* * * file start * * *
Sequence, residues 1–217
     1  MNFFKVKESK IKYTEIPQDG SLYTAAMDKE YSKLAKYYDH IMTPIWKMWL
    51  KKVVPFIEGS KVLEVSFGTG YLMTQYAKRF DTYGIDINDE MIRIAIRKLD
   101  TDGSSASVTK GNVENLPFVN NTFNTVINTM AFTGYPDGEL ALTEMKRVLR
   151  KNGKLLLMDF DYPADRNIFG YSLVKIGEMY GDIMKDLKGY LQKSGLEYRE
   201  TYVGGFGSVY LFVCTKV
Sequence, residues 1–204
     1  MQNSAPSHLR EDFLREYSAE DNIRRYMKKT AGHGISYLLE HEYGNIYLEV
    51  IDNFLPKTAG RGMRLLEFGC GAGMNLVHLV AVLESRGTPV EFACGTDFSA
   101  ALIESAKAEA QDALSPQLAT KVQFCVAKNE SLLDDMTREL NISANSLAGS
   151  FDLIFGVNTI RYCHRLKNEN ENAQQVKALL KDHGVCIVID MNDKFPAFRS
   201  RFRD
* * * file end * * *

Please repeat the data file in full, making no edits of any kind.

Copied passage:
Sequence, residues 1–217
     1  MNFFKVKESK IKYTEIPQDG SLYTAAMDKE YSKLAKYYDH IMTPIWKMWL
    51  KKVVPFIEGS KVLEVSFGTG YLMTQYAKRF DTYGIDINDE MIRIAIRKLD
   101  TDGSSASVTK GNVENLPFVN NTFNTVINTM AFTGYPDGEL ALTEMKRVLR
   151  KNGKLLLMDF DYPADRNIFG YSLVKIGEMY GDIMKDLKGY LQKSGLEYRE
   201  TYVGGFGSVY LFVCTKV
Sequence, residues 1–204
     1  MQNSAPSHLR EDFLREYSAE DNIRRYMKKT AGHGISYLLE HEYGNIYLEV
    51  IDNFLPKTAG RGMRLLEFGC GAGMNLVHLV AVLESRGTPV EFACGTDFSA
   101  ALIESAKAEA QDALSPQLAT KVQFCVAKNE SLLDDMTREL NISANSLAGS
   151  FDLIFGVNTI RYCHRLKNEN ENAQQVKALL KDHGVCIVID MNDKFPAFRS
   201  RFRD